In scientific papers we are very strict about citing sources. Not only do we put a list of our references at the end of papers, but we also indicate which reference gave us which fact right there in the text: “junco fledglings have big fuzzy eyebrows (LaBarbera 2012).” This makes fact checking easy.
Scientists writing for the general public don’t usually do this. Depending on the form of a science-for-a-general-audience column, references may all be at the end only, or they may not be there at all. When researchers write about their own research without any citations, saying “My research shows…” and “Many studies have found…” but not actually citing them, it’s up to you to either blindly believe them (don’t do this) or to check their sources yourself. If they do good research, this shouldn’t be hard.
Sometimes a “research” column is like a coot: fine at first glance, but when you look close, really weird feet. You know what I mean.
A salmonella outbreak on chicken has hospitalized over a hundred people so far. Salmonella is on a lot of chicken; if you cook chicken at all regularly, you have definitely purchased and handled salmonella-tainted chicken. But that’s okay, because you cook it, and the bacteria die from the heat, and then the chicken does not kill you. No worries!
This chicken might want to kill you… Photo by Ido Mor
Except that those 100+ sick people probably weren’t eating chicken sushi. Even if they did all manage to undercook their chicken, there’s this: a Costco found salmonella on its rotisserie chicken after they were cooked at 180 Fahrenheit. Chicken is “safe” when it’s cooked at 165 Fahrenheit, so 180 should be extra safe. Now, I’m not a salmonella investigator; maybe Costco lied about its cooking temperature, or maybe someone handled raw chicken and then the rotisserie chicken and that’s how they got contaminated. But there is a third option: maybe a strain of salmonella has evolved, under selection driven by you and me and everyone else who cooks their chicken, to survive cooking.
We all know what natural selection can do, how the pressure of competing with other individuals and evading predators and finding food and staying the right temperature so that you can make the most babies can drive the evolution of “forms most beautiful and most wonderful” (Darwin).
A form beautiful and wonderful: male greater kudu in Kenya.
Today’s discussion question is: why do the lovebirds Sam and Jesse spend a lot of time together?
Jesse and Sam pause in their destruction of a picture frame to wonder what business it is of yours how they spend their time.
“Well,” someone says, “it’s because lovebirds’ brain reward centers are stimulated when they interact with their mate. Happy molecules trigger happy receptors, and the birds get happy. So they seek out that reward.”
“No,” someone else says, “it’s because a lovebird that interacts with its mate more has a stronger pair bond, making it less likely to be cuckolded. Lovebirds who spend more time with their mates have more chicks and so pass more genes on to the next generation.”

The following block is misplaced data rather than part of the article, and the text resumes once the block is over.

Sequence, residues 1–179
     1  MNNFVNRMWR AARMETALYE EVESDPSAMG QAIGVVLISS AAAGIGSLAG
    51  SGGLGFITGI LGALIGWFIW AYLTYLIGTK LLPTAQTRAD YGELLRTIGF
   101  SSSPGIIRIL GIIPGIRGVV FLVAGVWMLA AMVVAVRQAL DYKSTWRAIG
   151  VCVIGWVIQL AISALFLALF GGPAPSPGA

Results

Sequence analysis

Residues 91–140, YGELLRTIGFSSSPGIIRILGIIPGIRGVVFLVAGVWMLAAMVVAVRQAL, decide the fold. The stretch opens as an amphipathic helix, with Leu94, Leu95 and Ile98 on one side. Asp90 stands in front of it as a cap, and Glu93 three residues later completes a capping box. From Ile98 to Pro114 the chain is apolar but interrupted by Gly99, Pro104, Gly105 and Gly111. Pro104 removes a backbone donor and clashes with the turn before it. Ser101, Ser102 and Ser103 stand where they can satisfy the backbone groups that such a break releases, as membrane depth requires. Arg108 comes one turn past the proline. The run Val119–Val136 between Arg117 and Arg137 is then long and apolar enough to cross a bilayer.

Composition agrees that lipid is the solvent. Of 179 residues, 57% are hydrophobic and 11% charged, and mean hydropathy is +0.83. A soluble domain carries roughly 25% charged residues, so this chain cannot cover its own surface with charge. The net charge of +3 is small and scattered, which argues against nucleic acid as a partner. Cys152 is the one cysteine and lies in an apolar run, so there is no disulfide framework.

Why was Hans clever? He could do math – even fractions! He could tell time! He could use a calendar! He could recognize currency! He could tell the difference between musical tones! He could identify people from photographs! He could not only understand German but read and spell it! Basically, clever Hans was smarter than your Honor Roll student. And he was a horse.
That seems plausible, right?
Extremely historically accurate depiction of clever Hans doing math
Many animals are highly intelligent. For example, I have no doubt that psychologist Irene Pepperberg’s late, great African Grey Parrot Alex could have performed most of clever Hans’ tasks. But, sad to say, clever Hans was a fraud.
Just kidding. It isn’t enough simply to state that classic phrase because in the real world, we’re often still stuck with using correlations. If you want to know how lifelong exercise habits affect lifespan, you can’t take two groups of people and force one group to exercise and the other not to (“GET BACK IN THAT CHAIR! That is TOO MUCH walking to the corner store for one day!”), while keeping everything else exactly the same between the groups (“I don’t care if you’re not hungry, everyone eats one cupcake on Tuesdays!”), for their entire lives. Even if you didn’t mind knowing that you, too, would be dead before the study was over, it would be completely unethical. Instead, you study people’s natural exercise habits, and try to correlate them with lifespan. Continue reading →
Science is not just for scientists. The methods of thought that underlie science are useful in all sorts of everyday contexts. Most obviously, everyone needs to be able to think like a scientist in order to interpret scientific results—you know, those newspaper headlines like “PAPER CLIP USE MAY LOWER IQ IN PREGNANT WOMEN!!” In that spirit, I’m going to write about some key concepts for thinking like a scientist. Today: sample size.
Pop quiz! You read this (totally made up) report: “Two groups of ten age- and health-matched men were monitored for heart disease. One group was given pet ferrets, while the other was not. The ferret-owning men were 8% less likely to develop heart disease over a five year period.” So: is it time to run out and get a ferret for the sake of your heart health?
You should get a ferret regardless, because ferrets are wonderful. This is my awesome old ferret Zap.